Musculoskeletal Health Protocol

Exercise Performance and Body Composition

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Fact Checked
Written by
Medically reviewed by
Dr. Christopher Knee, ND

Protocol development in integrative medicine is not typically a simple process. Individuals require individualized care, and what works for one patient may not work for another.

To establish these protocols, we first developed a Rating Scale that could be used to discern the rigor of evidence supporting a specific nutrient’s therapeutic effect.

The following protocols were developed using only A through C-quality evidence.

A
Systematic review or meta-analysis of human trials
B
RDBPC human trials
2+ studies and/or 1 study with 50 + subjects
C
RDBPC human trials
1 study

Many dietary supplements have been popularly marketed to improve sports performance; however, only a few key ingredients have strong evidence to support these claims. Table 1 provides an overview of some of the ingredients that have supportive research.

Practitioners should be aware that based on an ingredient’s mechanism of action, a performance-enhancing effect may be observed for a certain type of exercise (e.g., aerobic), but these effects may not necessarily translate to another form (e.g., anaerobic).

The ingredients included in this protocol may be beneficial for improved exercise performance and body composition outcomes. For example, beta-alanine helps to buffer acid buildup, helping to prevent fatigue. (Ojeda 2020) Caffeine acts as a nervous system stimulant, reducing inhibition and ratings of perceived exertion. (Doherty 2005) Creatine helps to provide additional short-duration energy reserves and muscle hydration. (Kreider 2017) HMB may help to stimulate lipolysis, and in certain populations, may help to stimulate muscle protein synthesis. (Kerksick 2018) Finally, whey protein may help consumers with satiety, ensure adequate protein intake, and help preserve lean muscle mass under energy restriction. (Wirunsawanya 2018)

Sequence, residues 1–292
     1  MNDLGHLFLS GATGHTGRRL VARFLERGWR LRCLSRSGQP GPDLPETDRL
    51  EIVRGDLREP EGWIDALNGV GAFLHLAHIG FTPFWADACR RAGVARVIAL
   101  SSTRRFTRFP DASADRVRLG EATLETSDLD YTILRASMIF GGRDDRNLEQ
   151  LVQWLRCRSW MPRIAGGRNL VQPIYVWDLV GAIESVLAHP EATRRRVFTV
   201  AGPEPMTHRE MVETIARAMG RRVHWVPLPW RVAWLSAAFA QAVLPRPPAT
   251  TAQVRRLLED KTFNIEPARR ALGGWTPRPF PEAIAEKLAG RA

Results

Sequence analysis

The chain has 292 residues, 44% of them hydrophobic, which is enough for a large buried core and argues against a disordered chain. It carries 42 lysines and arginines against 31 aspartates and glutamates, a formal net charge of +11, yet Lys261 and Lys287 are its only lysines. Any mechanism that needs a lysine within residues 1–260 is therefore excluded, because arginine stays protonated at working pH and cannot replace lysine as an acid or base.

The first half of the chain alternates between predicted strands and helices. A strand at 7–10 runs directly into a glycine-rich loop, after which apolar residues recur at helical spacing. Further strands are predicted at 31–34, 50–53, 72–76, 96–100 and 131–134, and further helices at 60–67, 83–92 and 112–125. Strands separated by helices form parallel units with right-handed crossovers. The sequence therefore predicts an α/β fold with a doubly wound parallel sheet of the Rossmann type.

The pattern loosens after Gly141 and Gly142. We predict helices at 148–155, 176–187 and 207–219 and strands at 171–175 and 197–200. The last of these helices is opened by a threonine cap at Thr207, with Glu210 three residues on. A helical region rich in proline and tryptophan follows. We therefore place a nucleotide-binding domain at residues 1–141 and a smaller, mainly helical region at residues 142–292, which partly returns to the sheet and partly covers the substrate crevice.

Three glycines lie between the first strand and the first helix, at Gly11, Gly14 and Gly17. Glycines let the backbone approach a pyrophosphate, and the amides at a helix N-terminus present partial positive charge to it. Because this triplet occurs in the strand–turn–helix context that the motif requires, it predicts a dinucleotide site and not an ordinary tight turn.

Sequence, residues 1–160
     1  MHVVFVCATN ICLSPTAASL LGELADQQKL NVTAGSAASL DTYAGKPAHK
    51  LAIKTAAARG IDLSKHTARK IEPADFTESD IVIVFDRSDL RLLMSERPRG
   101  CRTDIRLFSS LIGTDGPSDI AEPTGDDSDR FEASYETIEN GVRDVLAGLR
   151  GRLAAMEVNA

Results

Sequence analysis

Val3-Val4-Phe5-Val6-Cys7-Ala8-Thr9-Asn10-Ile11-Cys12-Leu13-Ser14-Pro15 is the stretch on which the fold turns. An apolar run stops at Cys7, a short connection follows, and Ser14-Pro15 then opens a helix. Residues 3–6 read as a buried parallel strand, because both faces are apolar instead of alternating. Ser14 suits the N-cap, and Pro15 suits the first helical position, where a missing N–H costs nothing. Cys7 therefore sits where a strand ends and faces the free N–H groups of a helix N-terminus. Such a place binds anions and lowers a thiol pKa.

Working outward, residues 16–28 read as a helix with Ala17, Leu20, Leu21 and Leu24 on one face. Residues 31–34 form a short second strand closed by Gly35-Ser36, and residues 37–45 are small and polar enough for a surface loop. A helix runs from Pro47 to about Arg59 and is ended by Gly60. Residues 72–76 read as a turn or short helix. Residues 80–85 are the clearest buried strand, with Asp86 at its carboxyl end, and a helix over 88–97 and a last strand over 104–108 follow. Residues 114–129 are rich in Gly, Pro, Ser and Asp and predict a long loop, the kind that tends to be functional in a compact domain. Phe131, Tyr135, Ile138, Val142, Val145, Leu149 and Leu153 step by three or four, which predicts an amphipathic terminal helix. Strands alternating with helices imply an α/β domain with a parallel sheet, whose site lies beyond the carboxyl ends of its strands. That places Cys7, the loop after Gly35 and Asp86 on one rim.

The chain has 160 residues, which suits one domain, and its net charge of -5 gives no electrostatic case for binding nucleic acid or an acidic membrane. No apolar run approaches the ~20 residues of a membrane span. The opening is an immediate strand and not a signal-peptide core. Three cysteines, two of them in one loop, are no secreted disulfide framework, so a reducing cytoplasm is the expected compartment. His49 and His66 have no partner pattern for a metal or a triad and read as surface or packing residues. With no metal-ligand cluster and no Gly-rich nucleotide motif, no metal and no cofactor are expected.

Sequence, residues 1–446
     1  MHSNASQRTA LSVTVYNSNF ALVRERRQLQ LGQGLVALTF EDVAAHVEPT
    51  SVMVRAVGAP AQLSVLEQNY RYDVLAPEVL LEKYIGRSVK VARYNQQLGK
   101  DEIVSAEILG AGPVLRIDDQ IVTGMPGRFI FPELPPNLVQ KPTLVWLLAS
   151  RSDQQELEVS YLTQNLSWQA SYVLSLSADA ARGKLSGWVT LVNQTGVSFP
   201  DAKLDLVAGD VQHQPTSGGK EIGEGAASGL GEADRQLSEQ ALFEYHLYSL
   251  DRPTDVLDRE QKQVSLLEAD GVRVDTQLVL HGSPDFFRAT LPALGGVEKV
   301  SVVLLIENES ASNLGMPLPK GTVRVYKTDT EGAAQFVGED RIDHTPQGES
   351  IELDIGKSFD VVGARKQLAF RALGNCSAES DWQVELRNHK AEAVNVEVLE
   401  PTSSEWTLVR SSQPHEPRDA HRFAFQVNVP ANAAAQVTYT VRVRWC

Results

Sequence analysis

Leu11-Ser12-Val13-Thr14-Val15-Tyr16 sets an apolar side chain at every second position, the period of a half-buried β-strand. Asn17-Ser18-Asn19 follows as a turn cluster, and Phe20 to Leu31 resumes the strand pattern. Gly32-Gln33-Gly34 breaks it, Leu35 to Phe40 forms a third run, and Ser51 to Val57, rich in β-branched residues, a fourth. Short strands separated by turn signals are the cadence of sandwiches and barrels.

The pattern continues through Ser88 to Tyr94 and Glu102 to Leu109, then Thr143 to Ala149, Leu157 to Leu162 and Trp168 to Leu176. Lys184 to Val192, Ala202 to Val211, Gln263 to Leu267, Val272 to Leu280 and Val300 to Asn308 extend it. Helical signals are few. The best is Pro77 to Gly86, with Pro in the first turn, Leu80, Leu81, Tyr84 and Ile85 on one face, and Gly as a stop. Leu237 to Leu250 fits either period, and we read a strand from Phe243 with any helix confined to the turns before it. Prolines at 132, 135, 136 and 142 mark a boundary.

Table 1: Overview of ingredients for exercise performance and body composition

Caffeine

3-6 mg/kg body weight to trained or untrained individuals approximately 60 minutes before exercise performance (Ganio 2009)(Guest 2021)(Polito 2016)(Southward 2018)

  • Improved performance in any exercise modality by an average of 11%, potentially mediated by a 5.6% reduced RPE (rate of perceived exertion) compared to placebo. (Doherty 2005)
  • Improved cardiovascular endurance performance ~3% (small effect; 0.22)(Ganio 2009)(Southward 2018) and time trials ~2% (small effect; 0.28-0.45)(Ganio 2009)(Ribeiro 2017)(Southward 2018)
  • Improved muscular endurance with a small effect by ~18% (SMD = 0.27-0.38) (Polito 2016)(Warren 2010) and strength with a small effect of ~5-7% (SMD = 0.16-0.37)(Grgic 2019)(Grgic 2018)(Warren 2010)
  • Improved muscular power with a small effect as measured by improved jump heights (SMD = 0.17-0.29), (Grgic 2018) sprints (SMD = 0.14-0.16), time to complete agility tests (SMD = 0.41), (Salinero 2019) or Wingate tests (SMD = 0.18-0.27; ~3-4%) (Grgic 2018)
  • Up to 300 mg in pregnant women or 400 mg in healthy adults, there does not appear to be a risk of significant health effects. Similar safety profiles exist for children and adolescents consuming 2.5 mg/kg body weight per day. (Wikoff 2017) Nonetheless, the most commonly reported dose-dependent adverse effects of caffeine include insomnia, feelings of restlessness or anxiety, tachycardia, and headaches. (Guest 2021)
Caffeine in the Fullscript catalog

Creatine monohydrate

Loading phase of 0.3 g/kg body weight or ~5 g, four times daily for 5 to 7 days, followed by a maintenance phase of 3 to 5 g per day ongoing (Kreider 2017)

  • Generally, high-intensity and/or repetitive exercise performance is increased by 10 to 20%. (Kreider 2017)
  • Meta-analyses on both upper (Lanhers 2017) and lower (Lanhers 2015) limb performance showed small strength benefits (effect size = 0.235-0.317), with the largest being on the pectoralis major and minor for the bench press (5.3%). (Lanhers 2017)
  • Shown to be effective for bouts of exertion ~1-10 seconds long, with rest periods of 0.5 to 5 minutes. (Bemben 2005)(Butts 2018) It may also be helpful for continuous bouts of exertion between 10 seconds and 2 minutes. (Bemben 2005)
  • There are likely no differences in effect size based on age, sex, and training status. (Lanhers 2017) There is insufficient evidence to suggest that other forms of creatine (beyond creatine monohydrate, such as creatine HCl) have superior absorption or effectiveness. (Jäger 2011)
  • Robust evidence shows a small increase in body mass (~0.26 kg, possibly due to increased water retention from hyper-hydration of the muscle) (Kreider 2017) following creatine supplementation during the loading phase, which tends to disappear during the maintenance phase. (Branch 2003) Despite this mass gain, there is no high-quality evidence to suggest ergolytic effects of creatine even in endurance athletes, which may be attributed to creatine’s other benefits (e.g., muscle hydration, heat tolerance, enhanced recovery) (Kreider 2017). One of the longest studies of high-dose creatine supplementation (up to 30 g per day for five years) has shown no detrimental effects in healthy individuals. (Bender 2016) Additionally, there is no compelling evidence that creatine supplementation negatively affects kidney function in healthy or clinical populations. (Kreider 2017)